Kids with eco-anxiety are a natural by-product of the many natural disasters and catastrophes that we have seen in the recent past. Children can see that we live in a changing world, and it is scary for them to think about what the earth might look like in the future.

As parents, carers and educators, what can we do to help children overcome their anxiety while making a positive contribution for the future?


Talk it over honestly

Acknowledging that we live in a changing world gives kids the opportunity to express their thoughts and fears about the future. During these conversations, it’s important to redirect strong negative emotions into positive thoughts and actions, including any strong feelings we might have about the topic.

When trying to help children and teens manage anxiety for the future, it’s helpful to focus on things we can do or things other people have accomplished to help the earth instead of what might go wrong.

Try to focus on solutions rather than blame

It’s easy to get caught up in the blame game and natural to want to find a “baddie” to fight. There are plenty of potential “baddies” to focus on, but it’s healthier to focus on solutions and actions as blame rarely solves problems.

An anxious child will feel better by contributing to solutions rather than experiencing the negative emotions that blame often causes.

Treat opposite views respectfully and try to work together

It’s important to discuss what you might do if you meet someone who has an opposing viewpoint to you. How do you treat that person?

Respect is a positive action underpinned by a powerful positive emotion. Even when people disagree, they can still treat each other with respect. Kids with eco-anxiety will benefit from listening to others’ points of view, learning how to respectfully state their own point of view, and finding ways to work together.

Spend time in nature

Spending time in nature is a wonderful anxiety antidote. Spend as much time as you can outdoors in the fresh air and sunshine and help your kids to see that it is still a beautiful world even as we work to protect it.

Don’t forget, nature is resilient, and it can heal and recover when given the right conditions. Kids need to see the things that are right with nature as well as the problems. Focusing on the positives helps them to manage anxiety.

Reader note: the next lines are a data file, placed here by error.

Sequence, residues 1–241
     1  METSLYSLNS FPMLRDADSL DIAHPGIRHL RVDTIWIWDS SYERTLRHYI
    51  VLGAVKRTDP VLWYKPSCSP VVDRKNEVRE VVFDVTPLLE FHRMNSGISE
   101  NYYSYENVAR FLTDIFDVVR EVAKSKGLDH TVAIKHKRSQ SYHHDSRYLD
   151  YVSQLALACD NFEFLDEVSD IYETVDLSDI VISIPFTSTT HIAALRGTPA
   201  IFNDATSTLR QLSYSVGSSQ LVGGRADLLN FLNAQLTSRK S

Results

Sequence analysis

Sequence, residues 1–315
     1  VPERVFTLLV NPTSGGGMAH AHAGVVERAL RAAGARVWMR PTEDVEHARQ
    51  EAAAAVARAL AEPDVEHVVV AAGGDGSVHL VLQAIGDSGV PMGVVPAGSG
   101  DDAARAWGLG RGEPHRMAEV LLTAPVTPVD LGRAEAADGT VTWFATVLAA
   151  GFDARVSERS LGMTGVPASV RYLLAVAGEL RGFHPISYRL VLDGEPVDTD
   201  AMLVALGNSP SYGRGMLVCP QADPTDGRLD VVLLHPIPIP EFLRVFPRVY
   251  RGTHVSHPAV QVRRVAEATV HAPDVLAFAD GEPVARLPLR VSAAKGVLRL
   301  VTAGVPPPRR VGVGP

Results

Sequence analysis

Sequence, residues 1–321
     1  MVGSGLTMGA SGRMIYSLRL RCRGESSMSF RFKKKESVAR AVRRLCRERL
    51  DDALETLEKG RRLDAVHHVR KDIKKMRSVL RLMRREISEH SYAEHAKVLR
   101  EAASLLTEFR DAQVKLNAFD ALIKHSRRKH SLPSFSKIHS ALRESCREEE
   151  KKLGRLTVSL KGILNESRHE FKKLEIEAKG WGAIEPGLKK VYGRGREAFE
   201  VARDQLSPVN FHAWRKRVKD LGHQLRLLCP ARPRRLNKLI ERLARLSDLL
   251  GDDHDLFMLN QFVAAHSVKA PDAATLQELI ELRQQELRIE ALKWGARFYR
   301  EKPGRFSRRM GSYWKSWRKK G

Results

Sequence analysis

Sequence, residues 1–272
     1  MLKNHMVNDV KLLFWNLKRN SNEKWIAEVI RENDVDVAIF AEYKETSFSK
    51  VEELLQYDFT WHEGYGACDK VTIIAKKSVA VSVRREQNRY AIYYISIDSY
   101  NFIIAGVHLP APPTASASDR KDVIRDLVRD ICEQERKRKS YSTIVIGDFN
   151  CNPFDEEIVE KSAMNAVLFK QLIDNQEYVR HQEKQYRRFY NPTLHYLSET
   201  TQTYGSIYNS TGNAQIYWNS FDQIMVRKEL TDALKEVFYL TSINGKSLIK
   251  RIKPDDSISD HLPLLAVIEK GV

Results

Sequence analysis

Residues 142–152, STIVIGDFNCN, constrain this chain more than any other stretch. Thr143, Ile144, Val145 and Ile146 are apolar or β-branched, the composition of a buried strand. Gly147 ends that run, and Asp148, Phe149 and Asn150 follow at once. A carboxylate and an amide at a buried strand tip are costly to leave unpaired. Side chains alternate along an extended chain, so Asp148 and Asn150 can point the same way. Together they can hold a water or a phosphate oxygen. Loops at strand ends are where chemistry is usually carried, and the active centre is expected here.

Create a picture board of things you can do to help

Getting creative can help a child feel that they are taking action in a positive way. Create a picture board or scrapbook of ways you can do your part to help the earth. Include easy activities such as cutting down on plastic waste, recycling and reusing household goods as much as possible, planting trees or plants, growing your own food, and talking to friends about what they can do to help.

You can set dates for specific activities, so if a child starts to feel anxious or overwhelmed, they can go to the board and look at what they can do to help and when that will happen.

Limit news exposure

Much of what we hear on the news is negative, and this can feed into the anxiety cycle of kids with eco-anxiety. As we’ve witnessed drought, floods, fires, more floods, and other environmental problems, it has a cumulative effect on mental health for everyone, not just children with anxiety.

One of the ways to combat this is to limit exposure to the news and other media that has a negative message. It’s good to be informed, but too much exposure can simply lead to fear and anxiety.

Focus instead on the actions you can take to do your part and refuse to allow fear and negative stories to take over.

Have fun together

Who said saving the earth had to be boring? Some fun ways of engaging in environmental activities could include watching a nature documentary, working on a citizen science project (the CSIRO has lots of interesting citizen science projects you can get involved in), creating your own nature documentary, reading stories about nature together, or working on a nature puzzle.

You can also seek out environmentally sustainable suppliers of food and goods, such as farmers’ markets, organic nurseries, and local manufacturers. It’s a fulfilling activity to know that you’ve supported a sustainable local business rather than a large company.


Volunteering is a wonderful way to feel good about yourself and the contributions you are making to the world. There are plenty of earth-friendly organisations that welcome volunteers, and kids benefit by undertaking activities that help to take their minds off their worries for a while. Allowing children to experience the joy of giving without expecting anything in return is one of the most important contributions parents and carers can make towards positive feelings and good mental health.

Kids with eco-anxiety can see the positives with the right help

When adults intentionally redirect kids’ emotions and energy into positive thoughts and activities, it helps with the feelings of fear and worries over the future. When kids feel that they are making a difference in the world, it’s a good feeling. And they aren’t the only ones. Adults can benefit too.

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Kids today are growing up in a fast-paced world where information and opportunity overload can be overwhelming.

Based on many years of clinical experience as an Occupational Therapist, Deb Hopper has been using her Just Right Kids® Model to teach children to communicate and manage their stress and anxiety by:

  • Identifying their “body speed”,
  • Understanding their stress triggers, and
  • Implementing simple strategies to reduce anxiety and stress.


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